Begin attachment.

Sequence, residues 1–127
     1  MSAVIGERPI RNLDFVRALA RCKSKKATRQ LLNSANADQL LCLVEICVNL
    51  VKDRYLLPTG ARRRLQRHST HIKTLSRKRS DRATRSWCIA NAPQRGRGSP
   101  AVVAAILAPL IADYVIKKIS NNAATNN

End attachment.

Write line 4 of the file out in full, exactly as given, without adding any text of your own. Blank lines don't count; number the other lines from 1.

   101  AVVAAILAPL IADYVIKKIS NNAATNN